We saw many interesting things along the way, including the African Union:
When we arrived at the Imperial Palace, it was only a half hour before closing time. The Palace was the former home of Emperor Haile Selassie, and is now an ethnological museum on the campus of Addis Ababa University. A wonderful young student by the name of Markos gave us a great (if hurried) tour through as much of the museum as we could possibly have seen in 40 minutes or so. He was originally from Tigray, as was Yikealo, so the two of them hit it off right away. Markos made a big deal over Yikealo, tried to include him in the conversation whenever possible and jogged from room to room while holding our little guy's hand. Basically, he made a museum full of dusty artifacts as interesting as he could have for a 5 year old boy!
Markos and Yikealo
A model of a typical Ethiopian home, made of mud, grass and straw
grave markers for a family burial plot
A display on bee-hives, representing Ethiopia's abundant honey supply
A small model of an Ethiopian Orthodox church
A portrait and clothing of Haile Selassie's wife, Empress Menan Asfaw
wedding finery from the Gambella region
Emperor Haile Selassie's desk and chair
When we left the museum, we asked Tele to take us to any place that he suggested that we see. He chose the St. George Cathedral and Museum. We arrived about a half hour after the buildings closed, but Tele arranged a private tour for us with the Archdeacon...a very kind man named Mebratu. He spent an hour and a half with us, taking us inside the silent, shadowy church (we had to leave our shoes at the door), and performing parts of an Orthodox service for us. Unfortunately, my camera battery was nearly dead, so I was unable to video him chanting, dancing or playing instruments for us. The octagonal Cathedral was commissioned in 1896 by Emperor Menelik II, as a monument to the Ethiopian victory over the Italians at the Battle of Adwa. It was beautiful, and we learned quite a bit about some of the beliefs of the Ethiopian Orthodox church, which seems to be an odd mix of Catholicism and Judaism. The church traces its roots back to the Ethiopian eunuch baptized by Philip. According to their tradition, this man brought Chrisianity to Ethiopia in 34 AD, and it became the state religion in 330 AD. Their churches have a Holy of Holies with a replica of the ark of the covenant, and they believe that the actual, original ark of the covenant is in a church in Aksum. Their services are conducted in the ancient language of Ge'ez, which is no longer spoken by anyone other than the priests, leading to a very ritualistic religion that the people follow without understanding.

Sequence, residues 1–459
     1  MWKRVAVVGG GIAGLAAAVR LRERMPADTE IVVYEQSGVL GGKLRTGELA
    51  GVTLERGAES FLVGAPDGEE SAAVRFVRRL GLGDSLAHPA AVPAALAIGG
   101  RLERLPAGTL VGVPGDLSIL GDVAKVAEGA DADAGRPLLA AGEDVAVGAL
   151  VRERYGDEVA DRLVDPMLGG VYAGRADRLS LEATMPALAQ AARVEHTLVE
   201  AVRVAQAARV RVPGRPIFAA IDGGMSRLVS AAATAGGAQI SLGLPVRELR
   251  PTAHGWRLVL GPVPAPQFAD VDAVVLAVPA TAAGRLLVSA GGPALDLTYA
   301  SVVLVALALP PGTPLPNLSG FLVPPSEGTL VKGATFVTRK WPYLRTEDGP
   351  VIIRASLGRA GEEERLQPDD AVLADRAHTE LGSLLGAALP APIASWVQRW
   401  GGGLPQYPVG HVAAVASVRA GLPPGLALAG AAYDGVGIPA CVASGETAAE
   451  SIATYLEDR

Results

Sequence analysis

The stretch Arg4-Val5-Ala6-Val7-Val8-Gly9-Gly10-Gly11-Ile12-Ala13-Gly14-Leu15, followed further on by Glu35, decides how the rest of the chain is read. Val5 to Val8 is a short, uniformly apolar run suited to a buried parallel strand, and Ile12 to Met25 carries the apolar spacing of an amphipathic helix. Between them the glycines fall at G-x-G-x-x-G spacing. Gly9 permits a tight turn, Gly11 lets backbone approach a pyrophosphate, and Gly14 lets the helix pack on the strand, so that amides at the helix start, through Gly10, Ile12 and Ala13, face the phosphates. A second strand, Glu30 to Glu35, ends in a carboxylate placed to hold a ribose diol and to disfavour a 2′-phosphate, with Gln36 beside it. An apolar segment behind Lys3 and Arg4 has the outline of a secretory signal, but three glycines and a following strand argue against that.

St. George Cathedral
People praying ouside the cathedral. The bell tower of the St. George Museum is in the background.
The cross atop the cathedral.
Sacred paintings, surrounding the holy of holies.
Paintings depicting events in Ethiopia's history
Archdeacon Mebratu was a wonderful story-teller, and he was also of Tigray heritage. He could not say enough about Yikealo: what an amazing, beautiful, intelligent, unique, ususual, blessed boy he is. After so many compliments, it became a little hard to know how to respond! The Ethiopian culture is a very affectionate one, and they are particularly demonstrative of this with small children.
Following our tour of the church, he took us to the St. George bell-tower, where we climbed a narrow, winding staircase to the huge bell at the top.
The view from the windows at the top looked out over the corrugated tin shacks of the city.
By the time that Mebratu finally took us through the museum, my camera was dead, so I have no pictures of that part of our tour. When we exited, he wanted to take us to a little shop next door and introduce Yikealo to a woman that he knew from Tigray. We bought a few small souvenirs, and as we walked back toward the gates to the cathedral grounds, Mebratu told us farewell. With tears in his eyes, he thanked us for coming. He said that there were no words to express what was in his heart, but that he was going to pray for Yikealo...that Y would grow up to be a great man of God. He hugged us, and then we were walking through the gate.
Back at the hotel, we ate a quick supper and put our exhausted child to bed. He had been SO good that day, but he was completely worn out. Then, because we apparently had not had enough of an emotional overload, David and I decided to look through the CD of photos of S with his mama that we had been given earlier that day.